Role play helped us all to understand the desperation the woman would have felt waiting for someone to drive along so they could help her boyfriend. Nobody would come along for ages in the middle of nowhere, and her boyfriend would be getting worse every minute. This relates to the play, and helps me to understand how desperate Arthur would have been for help when Stella was dying of her terrible injuries. His son had already died, and I understood how he really did not want her to die, for he would be alone.
Development phase In my group, there was me, Sophie Moore, Stephanie Orphord and Stephanie Charles. We split our performance into five different scenes. We made our performance length between long and short length, because we wanted to make it just the right length so we kept the audience watching.
Our introduction was very short, and only needed two people. These were Stephanie Orford who was playing the actor, and Stephanie Charles who was playing Mr Kipps. We did this at the beginning to show the connection between them from the woman in black, and to show the tension between them and the audience. It also showed that Mr Kipps was the most important character, and that he had an important story to tell. This would keep the audience watching for they would wonder how the nightmare would be displayed. The lighting we used was a bright, white spot light so the audience could see their connection properly. It represents nothing, and completely calms the audience down, for they think nothing will happen, and will make their tension go higher when something happens in the next scene which they won’t be expecting. We did not use any explorative strategies in this scene, for it was too short.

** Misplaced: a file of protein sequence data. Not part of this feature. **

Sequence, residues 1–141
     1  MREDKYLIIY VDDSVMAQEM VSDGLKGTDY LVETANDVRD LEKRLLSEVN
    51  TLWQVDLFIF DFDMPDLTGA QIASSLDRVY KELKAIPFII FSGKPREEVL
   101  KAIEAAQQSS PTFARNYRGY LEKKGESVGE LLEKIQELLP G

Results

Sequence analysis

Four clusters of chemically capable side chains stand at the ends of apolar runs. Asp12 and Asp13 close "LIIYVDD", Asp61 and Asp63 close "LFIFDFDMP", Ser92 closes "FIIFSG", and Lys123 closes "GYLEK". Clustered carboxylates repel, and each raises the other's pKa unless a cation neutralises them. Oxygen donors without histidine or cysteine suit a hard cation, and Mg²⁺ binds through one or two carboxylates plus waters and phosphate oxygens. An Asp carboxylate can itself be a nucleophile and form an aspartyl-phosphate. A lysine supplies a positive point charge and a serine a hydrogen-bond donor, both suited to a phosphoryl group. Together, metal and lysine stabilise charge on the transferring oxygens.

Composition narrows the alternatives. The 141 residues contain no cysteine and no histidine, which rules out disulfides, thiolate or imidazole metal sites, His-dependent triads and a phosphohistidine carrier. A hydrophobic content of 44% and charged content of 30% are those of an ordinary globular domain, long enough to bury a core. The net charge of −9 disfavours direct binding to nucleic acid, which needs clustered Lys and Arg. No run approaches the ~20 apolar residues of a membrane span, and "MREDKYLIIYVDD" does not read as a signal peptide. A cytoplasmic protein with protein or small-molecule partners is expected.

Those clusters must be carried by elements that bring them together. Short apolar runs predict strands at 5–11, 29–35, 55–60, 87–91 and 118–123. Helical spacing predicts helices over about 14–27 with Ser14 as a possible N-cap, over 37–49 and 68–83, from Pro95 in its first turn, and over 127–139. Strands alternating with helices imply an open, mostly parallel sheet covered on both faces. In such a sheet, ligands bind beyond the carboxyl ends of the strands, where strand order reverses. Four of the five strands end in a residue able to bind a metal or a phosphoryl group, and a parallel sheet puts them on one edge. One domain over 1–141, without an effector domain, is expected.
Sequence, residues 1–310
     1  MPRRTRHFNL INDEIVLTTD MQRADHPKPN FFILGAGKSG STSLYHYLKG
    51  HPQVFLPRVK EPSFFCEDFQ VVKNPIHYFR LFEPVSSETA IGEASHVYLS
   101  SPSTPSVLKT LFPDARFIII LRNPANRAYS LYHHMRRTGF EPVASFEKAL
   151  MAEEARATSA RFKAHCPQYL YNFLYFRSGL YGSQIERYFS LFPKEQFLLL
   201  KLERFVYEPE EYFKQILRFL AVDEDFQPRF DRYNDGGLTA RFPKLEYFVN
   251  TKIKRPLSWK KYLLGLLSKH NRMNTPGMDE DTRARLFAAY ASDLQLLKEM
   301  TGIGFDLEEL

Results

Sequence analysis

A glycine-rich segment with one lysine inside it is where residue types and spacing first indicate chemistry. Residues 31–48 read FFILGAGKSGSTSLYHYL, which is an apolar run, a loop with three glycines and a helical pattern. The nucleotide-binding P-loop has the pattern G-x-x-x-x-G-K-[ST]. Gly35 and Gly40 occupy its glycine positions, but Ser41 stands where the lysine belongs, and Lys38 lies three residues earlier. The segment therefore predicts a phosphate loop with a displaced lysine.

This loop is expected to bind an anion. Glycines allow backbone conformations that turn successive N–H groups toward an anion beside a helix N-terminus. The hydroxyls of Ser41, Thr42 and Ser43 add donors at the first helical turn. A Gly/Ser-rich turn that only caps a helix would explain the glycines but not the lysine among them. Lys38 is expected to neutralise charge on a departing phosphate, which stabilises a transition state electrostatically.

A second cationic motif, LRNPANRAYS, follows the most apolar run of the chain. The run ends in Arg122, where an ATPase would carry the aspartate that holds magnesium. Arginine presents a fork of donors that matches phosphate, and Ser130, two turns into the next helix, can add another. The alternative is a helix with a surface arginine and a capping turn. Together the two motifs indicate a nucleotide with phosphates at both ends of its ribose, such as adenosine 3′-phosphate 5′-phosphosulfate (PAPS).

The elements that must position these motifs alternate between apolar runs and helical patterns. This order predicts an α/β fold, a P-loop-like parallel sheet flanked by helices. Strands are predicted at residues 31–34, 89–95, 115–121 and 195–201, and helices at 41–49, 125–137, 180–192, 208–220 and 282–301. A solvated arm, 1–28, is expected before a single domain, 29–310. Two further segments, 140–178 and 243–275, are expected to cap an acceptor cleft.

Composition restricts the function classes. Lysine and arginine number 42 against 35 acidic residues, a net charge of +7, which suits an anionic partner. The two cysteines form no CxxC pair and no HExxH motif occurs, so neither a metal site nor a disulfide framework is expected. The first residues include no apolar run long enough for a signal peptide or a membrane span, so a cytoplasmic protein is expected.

In scene one, I am a door, and I hold up my fist to represent the door handle. Stephanie Orford is representing Mr Kipps who hears the banging, and tries to open the door. Sophie Moore hides behinds the curtains and does the banging. Stephanie Charles was not in this scene. In this scene, we thought that Sophie should do the banging behind the curtain for me, because it would create tension in the audience, for they would not know where it was coming from, and it would of looked better than me standing there doing it with my foot, for the tension and suspense would be ruined in the audience.
Stephanie Orford at this point was walking slowing, carefully and cautiously with a curious and shocked look on her face, and she did this to create a suspense in the audience and to keep them watching, for they would wonder what was there too. When Stephanie Orford went to grab for the door handle, she did it very slowly and anxiously, which would keep on building up the suspension in the audience, for they would be waiting for something to happen.